Music-Selective Neural Populations Arise Without Musical Training


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Recent work has shown that human auditory cortex contains neural populations anterior and posterior to primary auditory cortex that respond selectively to music. However, it is unknown how this selectivity for music arises. To test whether musical training is necessary, we measured fMRI responses to 192 natural sounds in 10 people with almost no musical training. When voxel responses were decomposed into underlying components, this group exhibited a music-selective component that was very similar in response profile and anatomical distribution to that previously seen in individuals with moderate musical training. We also found that musical genres that were less familiar to our participants (e.g., Balinese gamelan) produced strong responses within the music component, as did drum clips with rhythm but little melody, suggesting that these neural populations are broadly responsive to music as a whole. Our findings demonstrate that the signature properties of neural music selectivity do not require musical training to develop, showing that the music-selective neural populations are a fundamental and widespread property of the human brain. NEW & NOTEWORTHY We show that music-selective neural populations are clearly present in people without musical training, demonstrating that they are a fundamental and widespread property of the human brain. Additionally, we show music-selective neural populations respond strongly to music from unfamiliar genres as well as music with rhythm but little pitch information, suggesting that they are broadly responsive to music as a whole.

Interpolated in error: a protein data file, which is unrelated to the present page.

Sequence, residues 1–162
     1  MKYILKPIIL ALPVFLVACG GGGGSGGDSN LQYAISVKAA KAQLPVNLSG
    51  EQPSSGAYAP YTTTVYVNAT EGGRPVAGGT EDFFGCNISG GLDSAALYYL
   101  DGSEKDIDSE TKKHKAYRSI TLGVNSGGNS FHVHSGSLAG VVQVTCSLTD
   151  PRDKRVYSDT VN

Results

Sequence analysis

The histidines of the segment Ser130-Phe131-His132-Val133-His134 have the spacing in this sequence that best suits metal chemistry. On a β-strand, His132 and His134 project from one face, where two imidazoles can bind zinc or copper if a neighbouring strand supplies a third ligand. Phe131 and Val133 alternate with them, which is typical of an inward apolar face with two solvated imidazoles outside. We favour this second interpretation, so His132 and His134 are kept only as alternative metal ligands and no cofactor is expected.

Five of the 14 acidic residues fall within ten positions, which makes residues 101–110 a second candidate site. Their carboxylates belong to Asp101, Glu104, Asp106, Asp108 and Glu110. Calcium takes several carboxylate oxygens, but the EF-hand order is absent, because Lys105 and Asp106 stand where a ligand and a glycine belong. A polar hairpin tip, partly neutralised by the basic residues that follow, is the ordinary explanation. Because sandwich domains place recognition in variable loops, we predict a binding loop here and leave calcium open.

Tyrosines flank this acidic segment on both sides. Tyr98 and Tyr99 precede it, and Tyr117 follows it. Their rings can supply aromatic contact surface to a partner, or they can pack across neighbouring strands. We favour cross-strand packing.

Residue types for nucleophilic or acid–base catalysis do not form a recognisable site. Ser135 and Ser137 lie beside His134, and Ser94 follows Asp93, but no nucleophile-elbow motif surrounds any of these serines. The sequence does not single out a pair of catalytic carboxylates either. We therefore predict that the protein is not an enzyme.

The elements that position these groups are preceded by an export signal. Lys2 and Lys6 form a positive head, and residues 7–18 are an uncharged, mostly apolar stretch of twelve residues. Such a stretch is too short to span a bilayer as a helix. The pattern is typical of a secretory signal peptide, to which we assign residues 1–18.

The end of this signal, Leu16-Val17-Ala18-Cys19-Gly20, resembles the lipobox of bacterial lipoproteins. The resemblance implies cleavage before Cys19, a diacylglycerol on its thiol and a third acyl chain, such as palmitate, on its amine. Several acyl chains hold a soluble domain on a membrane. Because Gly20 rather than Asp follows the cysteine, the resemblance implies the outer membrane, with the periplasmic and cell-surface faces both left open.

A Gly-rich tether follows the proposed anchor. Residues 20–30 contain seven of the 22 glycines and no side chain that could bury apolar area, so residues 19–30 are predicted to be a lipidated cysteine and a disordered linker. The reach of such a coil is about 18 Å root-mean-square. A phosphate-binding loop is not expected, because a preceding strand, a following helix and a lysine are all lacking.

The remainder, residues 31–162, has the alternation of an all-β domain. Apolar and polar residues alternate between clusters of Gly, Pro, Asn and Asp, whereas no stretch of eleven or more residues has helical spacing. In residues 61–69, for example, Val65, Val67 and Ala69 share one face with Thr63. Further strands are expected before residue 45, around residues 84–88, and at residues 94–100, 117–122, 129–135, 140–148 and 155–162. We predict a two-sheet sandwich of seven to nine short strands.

< em > auditory cortex <, em >, < em > decomposition <, em >, < em > expertise <, em >, < em > fMRI <, em >, < em > music <, em >
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